“/…/so it’s a memory tool for me too where I can develop small ideas and the practice of writing … sometimes I think when I write that ‘ok there is an audience’, there is a reader. And I feel that it has been very useful for me, because I actually sit down every day and write something. On days when you have a lot of teaching and other things and you feel like you haven’t produced anything. Then at least I’ve given the blog a thought.”

This quote points out that the benefits of using a blog can be a combination of things, as in this case where the blog is a tool for remembering and for practicing writing. One thing that makes it easy to write in a blog is that it is acceptable to write about small things. The blog is perceived as lacking rules, regulations or structure. One researcher explains that when he started his blog, he “just started writing” (David). While the blog as a tool for writing is connected to the theme of keeping up–to–date and remembering, it is more focused on actually digesting what the researchers read.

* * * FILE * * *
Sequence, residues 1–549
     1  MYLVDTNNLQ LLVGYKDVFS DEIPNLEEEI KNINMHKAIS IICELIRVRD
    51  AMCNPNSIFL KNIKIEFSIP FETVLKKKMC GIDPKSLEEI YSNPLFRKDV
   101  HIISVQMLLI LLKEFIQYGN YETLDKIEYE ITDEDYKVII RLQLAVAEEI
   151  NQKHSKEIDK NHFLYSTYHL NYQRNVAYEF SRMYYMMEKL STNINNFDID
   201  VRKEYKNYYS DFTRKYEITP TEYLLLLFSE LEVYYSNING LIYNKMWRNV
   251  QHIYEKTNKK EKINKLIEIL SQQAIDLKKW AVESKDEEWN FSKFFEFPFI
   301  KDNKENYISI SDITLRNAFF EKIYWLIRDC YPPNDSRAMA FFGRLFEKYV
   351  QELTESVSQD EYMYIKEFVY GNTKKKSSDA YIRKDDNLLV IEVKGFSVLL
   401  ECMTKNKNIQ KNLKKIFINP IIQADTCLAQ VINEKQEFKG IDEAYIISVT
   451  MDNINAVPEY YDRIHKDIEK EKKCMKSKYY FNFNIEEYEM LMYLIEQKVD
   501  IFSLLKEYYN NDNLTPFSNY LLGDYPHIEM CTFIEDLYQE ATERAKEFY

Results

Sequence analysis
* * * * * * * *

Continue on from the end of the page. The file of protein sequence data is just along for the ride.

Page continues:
“The most direct way is like with diaries, it just helps, it’s like reflection, and it’s important, and it’s a type of reflection you don’t otherwise do …”

In the interviews the choice of language came across as something that was important for the deciding on the blog as a tool for writing, for some researchers. The choice of blogging language is affected by which target group the researchers have in mind, but for some it is also a way to practice writing in English, if this is not their native language. In other cases, the researchers want to use their native language as an alternative to English, which is the predominant research language. One researcher explains how she could feel that she was losing her fluency in written Swedish because she always used English in her daily practice as a researcher. To her, the blog is important to get in touch with Swedish again.